Did you know that the porbeagle shark, once source of one of the highest priced shark meat in Europe, is now on the Red List as critically endangered (one step away from extinct) in the Northeast Atlantic and Mediterranean Sea, endangered in the Northwest Atlantic and vulnerable worldwide?
The northwest and northeast Atlantic populations are segregated without genetic exchange between them (and the population of the southern hemisphere, too), making it difficult for the stocks to recover from the typical “boom and bust” fisheries of the past, when longline vessels depleted stock after stock since the 1930s. Porbeagle meat, called smeriglio in Italy and Kalbsfish or Seestör in Germany, is considered a delicacy in Europe, Japan and the U. S., despite its high dose of methyl mercury.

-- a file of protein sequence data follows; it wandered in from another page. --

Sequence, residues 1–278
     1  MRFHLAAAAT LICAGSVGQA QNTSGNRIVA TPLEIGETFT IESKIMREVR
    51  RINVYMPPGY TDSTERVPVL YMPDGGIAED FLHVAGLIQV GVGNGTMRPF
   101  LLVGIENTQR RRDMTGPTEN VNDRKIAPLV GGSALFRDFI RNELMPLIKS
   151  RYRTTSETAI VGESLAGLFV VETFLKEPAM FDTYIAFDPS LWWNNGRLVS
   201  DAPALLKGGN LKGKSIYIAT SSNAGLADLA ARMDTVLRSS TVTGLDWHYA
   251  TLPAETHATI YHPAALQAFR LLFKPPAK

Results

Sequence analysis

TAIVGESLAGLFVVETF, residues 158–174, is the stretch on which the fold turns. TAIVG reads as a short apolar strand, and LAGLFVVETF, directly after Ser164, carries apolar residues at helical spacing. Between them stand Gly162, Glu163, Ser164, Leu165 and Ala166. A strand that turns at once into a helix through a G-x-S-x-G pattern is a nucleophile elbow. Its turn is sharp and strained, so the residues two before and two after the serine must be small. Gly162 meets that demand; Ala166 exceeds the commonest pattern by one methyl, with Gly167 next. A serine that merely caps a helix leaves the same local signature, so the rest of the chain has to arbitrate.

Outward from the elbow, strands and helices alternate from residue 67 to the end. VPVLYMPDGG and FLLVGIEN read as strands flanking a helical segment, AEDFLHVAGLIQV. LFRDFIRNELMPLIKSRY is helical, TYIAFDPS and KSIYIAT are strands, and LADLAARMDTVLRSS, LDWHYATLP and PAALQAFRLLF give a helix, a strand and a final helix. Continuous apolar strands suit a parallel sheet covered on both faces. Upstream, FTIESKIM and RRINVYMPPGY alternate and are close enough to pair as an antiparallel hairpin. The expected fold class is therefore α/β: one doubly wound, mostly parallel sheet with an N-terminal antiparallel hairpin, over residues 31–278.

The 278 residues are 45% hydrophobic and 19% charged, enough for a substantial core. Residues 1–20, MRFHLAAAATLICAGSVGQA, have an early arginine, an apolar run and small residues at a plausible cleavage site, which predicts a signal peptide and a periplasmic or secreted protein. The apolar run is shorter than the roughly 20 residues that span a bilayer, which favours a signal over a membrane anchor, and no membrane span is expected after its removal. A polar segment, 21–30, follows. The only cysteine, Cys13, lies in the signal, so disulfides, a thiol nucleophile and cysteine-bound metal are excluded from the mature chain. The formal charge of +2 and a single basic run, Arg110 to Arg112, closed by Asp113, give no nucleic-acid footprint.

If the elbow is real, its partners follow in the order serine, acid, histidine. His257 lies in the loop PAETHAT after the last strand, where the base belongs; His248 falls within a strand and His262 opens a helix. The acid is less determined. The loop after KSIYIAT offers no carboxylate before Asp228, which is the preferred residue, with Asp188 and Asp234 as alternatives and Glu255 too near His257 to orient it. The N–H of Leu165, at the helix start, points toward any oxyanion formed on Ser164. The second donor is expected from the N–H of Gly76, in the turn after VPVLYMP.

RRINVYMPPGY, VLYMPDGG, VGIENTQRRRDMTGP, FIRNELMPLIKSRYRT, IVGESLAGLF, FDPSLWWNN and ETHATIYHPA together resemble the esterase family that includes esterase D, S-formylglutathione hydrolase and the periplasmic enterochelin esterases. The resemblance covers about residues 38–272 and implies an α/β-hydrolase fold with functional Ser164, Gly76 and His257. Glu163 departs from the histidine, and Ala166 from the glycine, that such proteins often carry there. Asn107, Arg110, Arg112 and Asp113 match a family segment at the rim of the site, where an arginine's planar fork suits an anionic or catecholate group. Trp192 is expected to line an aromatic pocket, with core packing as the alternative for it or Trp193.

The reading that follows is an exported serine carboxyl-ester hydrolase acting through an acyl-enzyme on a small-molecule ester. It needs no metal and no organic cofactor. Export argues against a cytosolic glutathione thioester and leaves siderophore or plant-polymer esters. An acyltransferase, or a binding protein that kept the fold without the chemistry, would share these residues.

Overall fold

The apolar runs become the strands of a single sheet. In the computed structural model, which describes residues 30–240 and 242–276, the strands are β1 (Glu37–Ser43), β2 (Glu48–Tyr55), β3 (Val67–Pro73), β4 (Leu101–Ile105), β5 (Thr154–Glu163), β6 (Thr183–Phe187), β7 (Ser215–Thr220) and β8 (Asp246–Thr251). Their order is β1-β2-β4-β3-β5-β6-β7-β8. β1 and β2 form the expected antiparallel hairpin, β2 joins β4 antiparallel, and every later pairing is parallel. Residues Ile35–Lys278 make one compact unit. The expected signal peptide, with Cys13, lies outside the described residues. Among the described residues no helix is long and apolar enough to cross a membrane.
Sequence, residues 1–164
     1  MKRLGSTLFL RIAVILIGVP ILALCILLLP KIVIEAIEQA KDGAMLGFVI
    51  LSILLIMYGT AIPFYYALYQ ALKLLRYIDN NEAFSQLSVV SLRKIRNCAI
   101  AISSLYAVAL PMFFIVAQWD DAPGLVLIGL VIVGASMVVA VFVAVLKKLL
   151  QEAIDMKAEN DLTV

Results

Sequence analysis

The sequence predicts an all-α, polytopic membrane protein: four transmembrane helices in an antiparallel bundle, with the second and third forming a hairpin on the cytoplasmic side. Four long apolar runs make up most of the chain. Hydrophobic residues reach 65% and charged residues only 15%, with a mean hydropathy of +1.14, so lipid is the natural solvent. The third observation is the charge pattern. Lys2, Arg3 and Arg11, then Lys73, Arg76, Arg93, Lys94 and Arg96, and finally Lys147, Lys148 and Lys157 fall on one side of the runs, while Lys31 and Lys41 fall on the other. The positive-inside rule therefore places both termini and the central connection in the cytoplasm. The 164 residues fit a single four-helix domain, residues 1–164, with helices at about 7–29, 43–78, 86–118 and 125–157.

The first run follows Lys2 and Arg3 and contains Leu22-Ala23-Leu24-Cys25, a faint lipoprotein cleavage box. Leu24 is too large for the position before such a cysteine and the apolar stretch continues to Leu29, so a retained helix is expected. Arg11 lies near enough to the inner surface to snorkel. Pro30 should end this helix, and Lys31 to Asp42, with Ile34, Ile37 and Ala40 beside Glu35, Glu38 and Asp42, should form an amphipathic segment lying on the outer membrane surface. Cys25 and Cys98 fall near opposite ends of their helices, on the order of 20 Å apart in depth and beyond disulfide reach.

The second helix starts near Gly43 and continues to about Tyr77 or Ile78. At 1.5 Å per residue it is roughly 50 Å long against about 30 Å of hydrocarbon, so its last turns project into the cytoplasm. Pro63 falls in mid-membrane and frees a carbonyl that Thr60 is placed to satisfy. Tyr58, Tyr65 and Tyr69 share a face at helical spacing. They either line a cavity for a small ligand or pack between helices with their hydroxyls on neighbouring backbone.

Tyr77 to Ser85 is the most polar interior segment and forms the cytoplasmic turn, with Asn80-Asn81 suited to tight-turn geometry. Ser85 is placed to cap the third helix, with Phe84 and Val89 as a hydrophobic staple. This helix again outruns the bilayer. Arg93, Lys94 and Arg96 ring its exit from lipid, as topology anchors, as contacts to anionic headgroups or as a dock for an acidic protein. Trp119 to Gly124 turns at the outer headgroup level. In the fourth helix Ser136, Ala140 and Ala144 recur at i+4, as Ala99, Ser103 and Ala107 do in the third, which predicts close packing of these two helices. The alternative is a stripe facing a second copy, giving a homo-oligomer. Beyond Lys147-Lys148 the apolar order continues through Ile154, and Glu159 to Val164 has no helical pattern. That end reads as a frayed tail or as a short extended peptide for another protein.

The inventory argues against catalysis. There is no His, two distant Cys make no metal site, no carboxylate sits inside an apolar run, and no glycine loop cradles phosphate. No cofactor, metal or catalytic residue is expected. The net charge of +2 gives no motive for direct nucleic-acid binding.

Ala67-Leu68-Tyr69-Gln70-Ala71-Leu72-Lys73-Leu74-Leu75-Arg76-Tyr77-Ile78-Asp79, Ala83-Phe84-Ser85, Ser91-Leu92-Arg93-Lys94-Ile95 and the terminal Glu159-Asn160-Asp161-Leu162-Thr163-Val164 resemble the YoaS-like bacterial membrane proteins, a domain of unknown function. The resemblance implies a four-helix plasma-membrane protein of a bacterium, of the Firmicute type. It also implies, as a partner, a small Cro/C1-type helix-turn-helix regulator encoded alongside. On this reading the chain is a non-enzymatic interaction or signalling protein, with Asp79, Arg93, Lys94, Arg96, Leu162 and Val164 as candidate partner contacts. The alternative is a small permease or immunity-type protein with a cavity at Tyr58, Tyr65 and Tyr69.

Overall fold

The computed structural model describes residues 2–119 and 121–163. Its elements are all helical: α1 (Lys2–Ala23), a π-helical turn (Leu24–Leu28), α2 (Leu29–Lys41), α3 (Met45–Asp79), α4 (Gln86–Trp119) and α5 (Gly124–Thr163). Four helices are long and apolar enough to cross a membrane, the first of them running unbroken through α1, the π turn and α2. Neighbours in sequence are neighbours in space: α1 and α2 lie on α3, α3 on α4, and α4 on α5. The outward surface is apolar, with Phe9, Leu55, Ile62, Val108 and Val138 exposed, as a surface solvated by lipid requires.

The species is also utilized for big game fishing, though often only allowed as “catch-and-release” (like in Canada since 1995) – a hobby I cannot comprehend (must be a “man thing”).
The porbeagle is, like it’s close relative, the salmon shark, able to elevate its body temperature considerably. In spite of looking like the great white, the porbeagle isn’t dangerous to humans and feeds only on small to moderate-sized fish, squids and crabs. The female reaches maturity at the age of 12–18 years and gives birth after a gestation period of about 8 months to typically 4 pups every year. The pups feed in utero on a yolk sac and later from unfertilized eggs.
Since January 2012, all EU vessels are prohibited from fishing for, retaining, boarding, transshipping or landing porbeagle sharks in all waters. “When accidentally caught, this species shall not be harmed. Specimens shall be promptly released.” I don’t think that this behavior of two recreational fishermen in May 2012 can be considered as according to these laws: the pregnant porbeagle female was certainly harmed by having to fight for her life for one and a half hours up to the point of exhaustion.